I'm looking to join a team that needs an experienced hand to help them grow.

If you are looking to widen the top of your funnel, improve closing rates, or just speed up deal flow to improve your valuation, I want to help.

What I can do for you:
Full Stack Sales Development

Find your most likely buyers

Answer the basic questions: Who is our ideal customer and where do they live? How do we talk to them? How do we reach them profitably and in the greatest density? Buy data, use data, store data.

You've probably done this already, but it should be regularly re-evaluated as new data comes in.

Heat them up

Get aggressive with cold calls, emails, and targeted web ads--help your future customers self identify.

I can build digital marketing campaigns for you, or work with leads that your marketing team has already generated.

Vet them

Does the customer line up with you we were looking for? I can help you build a system that qualifies and ranks leads, saving money and energy down the line. Together, we can work to focus our energy on the customers that will generate revenue.


I don’t believe in hard selling. Let me help you eliminate the logistical barriers to closing so we can execute on the two golden rules:

  1. Make sure they know how much you're doing for them
  2. Be honest

Follow Up

A happy customer becomes an enduring one--and refers their friends. Let me help you build a strong CRM system that encourages referrals and ensures solid follow up.

It's not rocket science.

targeting + persistence + trust = growth

So who am I, anyway?

Great question. Since 2009, I've been selling ideas and raising money. For the last three years, I've worked as a campaign manager to get local officials elected to office. Before that, I rode my bicycle from Paris to Shanghai and worked as a freelance journalist, and before that I attended the University of Chicago and founded a non-profit called Moneythink, raising money so it could grow.
Now I'm jumping into the private sector. I'm looking to dig in some roots and help build a great company with stay power. If you're wondering, I'm 27.

A track record of success.

A few case studies from my career

Jack Kroll for CU Regent

Jack Kroll was a long shot candidate for the Board of Colorado University Regents, an office that is elected by congressional district. He came without the political connections and pedigree that candidates normally bring to the race.

He brought something better: a vision for his alma mater, charisma, and willpower that could be measured in gigatons. I joined as Jack's campaign manager three months before the primary. Using tried and true methods of repeated calls to likely caucus goers, thousands upon thousands of handwritten notes, and effective message testing, Jack upset the odds and won the primary in 2016. Our opponent outspent us 3-1.

Ali Lasell for JeffCo School Board

Ali Lasell was a first time candidate, a mother and teacher who cared little for politics but was passionate about improving education for her children and her community. She was inspired to run in large part to oppose an ultra-conservative board that had become engulfed in a controversy and was facing a recall.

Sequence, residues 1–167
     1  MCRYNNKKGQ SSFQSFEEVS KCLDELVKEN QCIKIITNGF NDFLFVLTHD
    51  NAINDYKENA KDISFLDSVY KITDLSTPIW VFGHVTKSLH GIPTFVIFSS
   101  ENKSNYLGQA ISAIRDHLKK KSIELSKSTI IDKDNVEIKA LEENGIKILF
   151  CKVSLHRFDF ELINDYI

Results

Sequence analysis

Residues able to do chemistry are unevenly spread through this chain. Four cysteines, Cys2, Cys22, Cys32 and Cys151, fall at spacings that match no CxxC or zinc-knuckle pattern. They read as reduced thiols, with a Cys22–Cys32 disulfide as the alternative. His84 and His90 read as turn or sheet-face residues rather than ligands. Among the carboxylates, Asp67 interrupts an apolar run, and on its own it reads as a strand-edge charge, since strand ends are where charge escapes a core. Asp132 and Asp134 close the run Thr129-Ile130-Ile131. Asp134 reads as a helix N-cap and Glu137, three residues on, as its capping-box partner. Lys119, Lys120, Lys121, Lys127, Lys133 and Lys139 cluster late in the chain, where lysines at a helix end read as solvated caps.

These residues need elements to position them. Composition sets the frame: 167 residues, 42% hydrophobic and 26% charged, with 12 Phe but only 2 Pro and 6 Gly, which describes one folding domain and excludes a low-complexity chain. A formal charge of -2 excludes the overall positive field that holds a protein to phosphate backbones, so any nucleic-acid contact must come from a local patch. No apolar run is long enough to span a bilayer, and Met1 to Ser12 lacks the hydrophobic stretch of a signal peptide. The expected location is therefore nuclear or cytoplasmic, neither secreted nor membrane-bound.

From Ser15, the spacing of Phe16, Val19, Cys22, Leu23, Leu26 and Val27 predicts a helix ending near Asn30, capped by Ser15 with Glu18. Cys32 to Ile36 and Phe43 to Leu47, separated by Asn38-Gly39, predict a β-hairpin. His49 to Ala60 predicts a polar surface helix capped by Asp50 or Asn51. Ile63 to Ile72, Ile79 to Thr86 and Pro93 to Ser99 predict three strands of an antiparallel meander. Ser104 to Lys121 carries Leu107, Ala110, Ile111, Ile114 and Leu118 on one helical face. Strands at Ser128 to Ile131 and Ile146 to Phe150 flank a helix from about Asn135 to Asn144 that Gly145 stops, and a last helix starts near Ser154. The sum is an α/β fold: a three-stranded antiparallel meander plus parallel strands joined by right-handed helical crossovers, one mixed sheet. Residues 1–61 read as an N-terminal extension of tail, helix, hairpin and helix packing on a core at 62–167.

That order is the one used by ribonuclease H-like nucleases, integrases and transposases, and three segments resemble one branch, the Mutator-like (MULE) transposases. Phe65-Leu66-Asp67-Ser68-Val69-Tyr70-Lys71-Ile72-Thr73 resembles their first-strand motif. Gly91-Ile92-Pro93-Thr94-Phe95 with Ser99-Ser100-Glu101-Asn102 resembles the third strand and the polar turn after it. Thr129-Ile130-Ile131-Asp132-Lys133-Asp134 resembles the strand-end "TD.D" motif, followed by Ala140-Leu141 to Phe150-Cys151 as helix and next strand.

As her campaign manager, I helped build an alliance with a slate of candidates running for the board, which allowed us to function as a single campaign in a county with 800,000 people. After breaking the fundraising record for the seat, and working with political veterans to put together an aggressive phone and mail campaign, Ali won by 15 points. Coverage in the Washington Post.

Bruce Braley for Senate

I cut my teeth on Bruce Braley's campaign for U.S. Senate in Iowa. I was sent to rural Des Moines County, on the banks of the Mississippi in the south east corner of Iowa. There, alone, I opened an office in an old laundromat and built one of the most powerful turnout operations of the campaign, recruiting a team of more than 100 volunteers to turn voters out in the county.

While Mr. Braley lost, I won by my county by ten points—a margin well above the surrounding blue counties. I was successful because I realized I could only win if I made myself a part of the community. By doing favors like substitute teaching, fixing wifi, and giving rides, I won the trust of the community. They, in turn, supported me by volunteering.

Postulate One

For two years, I rode a bicycle with Chris Walker from Paris to Shanghai. We visited 27 countries and cycled more than 17,000 miles. On the way, we worked as freelance journalists, publishing hundreds of articles across publications like Forbes, The Atlantic, NPR.com, Vice, and our blog.

Too much crazy stuff happened for me to list it all in this small text box, but go ahead and read a few of our pieces on here— I promise you won't be dissapointed.


In college, I co-founded a non-profit called Moneythink with four friends. The concept was simple—teach financial literacy to students at local high schools through mentorship. As the organization scaled thanks to the amazing work from my co-founders, I developed the original fundraising program that allowed the organization to grow.

Moneythink is now a nation-wide professional non-profit that raises more than $1 Million a year (credit to Ted Gonder, who grew the organization to what it is today.) Learn about it at www.moneythink.org

Just a second—how does managing campaigns have anything to do with growing my company?

Campaigns are just light, fast startups, competing for votes rather than dollars. My job as a campaign manager was to figure out who we needed to talk to, what messaging would work, and how to reach them as cheaply and efficiently as possible. And I had to do it all with virtually no startup capital.

Think we can work together? I want to talk.